What might on the surface seem like simple mathematics may end up being quite confusing.

There are 5,000 employees and 5,000 available parking stalls in the downtown area. But there also are two- and four-hour parking limits and an ordinance that doesn't allow downtown employees to park.It all adds up to a parking problem, says Linda Walton, executive director of the Association of Involved Merchants.

Parking is a big problem in downtown Provo because it's no longer the retail center it once was, she said. "Less than 40 percent of downtown businesses are retail. The majority are government, finance and service professionals."

"That has never been the case before. Firms are moving in with 100 employees, and all of a sudden employee parking is a dilemma. We don't need four-hour parking, we need nine-hour parking."

AIM represents about 700 businesses in the downtown area - from Fifth North to Fifth South and from Fifth East to Fifth West - and Walton says their No. 1 complaint to her organization is parking.

The 5,000 parking stall-to-5,000 employee ratio may seem good, but according to the Provo City Downtown Parking Study done in 1980, the majority of the parking places are private stalls designated for employees and customers of a certain business or for customers only.

But as far as the city is concerned, developing parking for merchants and businesses is not their responsibility.

Mayor Joe Jenkins said: "We don't take care of the problem in Albertson's, why should we downtown? It should be the property owner's responsibility. I don't think the city should respond to parking other than parking on the streets and in public lots."

The city was hoping, however, that the new county complex parking terrace could be used to help alleviate the parking problem. But last week Utah County commissioners adopted a resolution to regulate parking.

Each elected official, supervisor or employee in the government complex will be required to park in his or her assigned stall. About 100 remaining stalls on the main level of the six-level parking terrace will serve as one-hour parking for the public.

County Commissioner Brent Morris said the parking terrace was designed for use by the customers and employees of any government entity. He said many employees of various businesses have called his office and asked why the county didn't build additional parking with tax money, but he said it is not fair to build a parking terrace in Provo with money from taxpayers throughout the county.

Jenkins wants to see a parking district set up to operate public parking lots and the city's parking terrace at the Excelsior Hotel. The district could be funded with property taxes.

Walton also sees a need for a committee of downtown business representatives. She said employee parking would be less of a headache if employees knew of alternative areas to park.

She has talked with Raylene Ireland, chairwoman of the city's Parking Committee, about developing a mailer to send to each business identifying areas.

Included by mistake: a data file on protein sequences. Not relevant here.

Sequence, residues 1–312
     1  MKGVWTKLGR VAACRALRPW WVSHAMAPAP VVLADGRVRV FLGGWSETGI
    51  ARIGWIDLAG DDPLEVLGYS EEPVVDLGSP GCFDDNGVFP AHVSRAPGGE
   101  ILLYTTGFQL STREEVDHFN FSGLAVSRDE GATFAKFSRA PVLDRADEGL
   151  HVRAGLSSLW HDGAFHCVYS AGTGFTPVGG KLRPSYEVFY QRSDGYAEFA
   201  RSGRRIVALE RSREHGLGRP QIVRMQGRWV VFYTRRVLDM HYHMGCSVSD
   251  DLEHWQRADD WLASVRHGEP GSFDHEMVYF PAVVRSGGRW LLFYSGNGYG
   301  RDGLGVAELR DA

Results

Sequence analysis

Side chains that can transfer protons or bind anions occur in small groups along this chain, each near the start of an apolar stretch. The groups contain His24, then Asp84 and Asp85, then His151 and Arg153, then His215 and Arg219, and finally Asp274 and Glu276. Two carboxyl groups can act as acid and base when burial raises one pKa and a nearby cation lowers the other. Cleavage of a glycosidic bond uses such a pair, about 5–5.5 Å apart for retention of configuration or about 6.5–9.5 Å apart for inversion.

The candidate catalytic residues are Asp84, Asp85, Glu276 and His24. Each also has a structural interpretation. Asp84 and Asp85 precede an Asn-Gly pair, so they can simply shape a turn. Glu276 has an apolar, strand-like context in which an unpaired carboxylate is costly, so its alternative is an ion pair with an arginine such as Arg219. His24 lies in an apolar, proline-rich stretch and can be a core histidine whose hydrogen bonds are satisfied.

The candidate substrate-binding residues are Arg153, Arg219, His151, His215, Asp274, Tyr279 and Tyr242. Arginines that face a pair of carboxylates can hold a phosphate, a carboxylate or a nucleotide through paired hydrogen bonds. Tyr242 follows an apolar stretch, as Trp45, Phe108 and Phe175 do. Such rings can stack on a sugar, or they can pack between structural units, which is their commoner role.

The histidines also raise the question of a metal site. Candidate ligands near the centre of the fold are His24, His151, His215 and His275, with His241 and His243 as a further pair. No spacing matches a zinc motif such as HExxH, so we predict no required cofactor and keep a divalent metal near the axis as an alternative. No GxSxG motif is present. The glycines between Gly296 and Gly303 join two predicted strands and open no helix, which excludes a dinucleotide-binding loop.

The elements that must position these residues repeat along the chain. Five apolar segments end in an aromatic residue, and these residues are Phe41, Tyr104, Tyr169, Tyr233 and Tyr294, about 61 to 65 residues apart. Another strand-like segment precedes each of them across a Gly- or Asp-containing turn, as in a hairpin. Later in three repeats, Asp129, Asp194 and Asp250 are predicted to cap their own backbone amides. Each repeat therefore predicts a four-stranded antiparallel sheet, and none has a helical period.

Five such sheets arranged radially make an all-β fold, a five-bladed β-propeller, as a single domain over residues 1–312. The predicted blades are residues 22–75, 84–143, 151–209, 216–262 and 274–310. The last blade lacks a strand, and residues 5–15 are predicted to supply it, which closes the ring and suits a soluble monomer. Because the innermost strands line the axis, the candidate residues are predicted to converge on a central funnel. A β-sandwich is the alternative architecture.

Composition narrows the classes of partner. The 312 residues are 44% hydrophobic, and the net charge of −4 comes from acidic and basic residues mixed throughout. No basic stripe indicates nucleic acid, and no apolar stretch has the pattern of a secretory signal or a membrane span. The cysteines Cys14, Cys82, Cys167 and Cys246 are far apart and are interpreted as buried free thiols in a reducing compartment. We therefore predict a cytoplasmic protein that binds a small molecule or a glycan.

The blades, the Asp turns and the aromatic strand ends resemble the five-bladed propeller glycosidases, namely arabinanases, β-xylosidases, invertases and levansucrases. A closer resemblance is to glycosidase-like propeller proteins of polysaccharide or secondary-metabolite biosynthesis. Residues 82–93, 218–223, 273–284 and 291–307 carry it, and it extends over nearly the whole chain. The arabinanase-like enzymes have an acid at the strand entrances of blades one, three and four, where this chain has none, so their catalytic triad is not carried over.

Jenkins maintains, however, that the parking problem is not as big as everyone thinks it is. "It is just the public's perception. There are plenty of spots available.

"Just because they (customers and employees) can't park right in front of the store they think there's a problem. At the mall they walk two or three blocks before they get in the store."

Jenkins said the Excelsior Hotel parking terrace, open to the public, has never had cars parked on the top three levels. In fact, the Stevens-Henager College of Business has expressed interest in leasing 110 spaces for its students.

Jenkins said that would free up space on the street and utilize the garage at the same time. He said the city also plans to clear out the lot behind Provo Town Square and add more parking spaces.

But Walton said: "The Excelsior (parking terrace) is not the only answer. We need to solve the problem and identify alternative areas to park. In my opinion we need a parking terrace behind Provo Town Square. The property managers are not opposed to it, we just need to work out the funding."

Ted Scofield, owner of Heindselman's Gift and Knit Shop, said: "We are getting on a regular basis customers who come in and say they can't find a place to park. It's becoming quite a problem."

Walton said: "One of the biggest struggles is that Westerners don't use mass transit and are not used to paying for parking. We have to start thinking in a metropolitan attitude because we are not rural anymore."

Ireland said: "There is still only so much space in an area that was originally designed for horses and wagons. Imagine how long the space has remained stable. Development has grown many times past that point. The needs have changed, but the basic space has remained the same.

"We need development prosperity in town and the traffic it brings, but employee parking is a problem. Business owners are unwilling to control employee parking, and we have a tough time enforcing it. The frustration level in the city is high."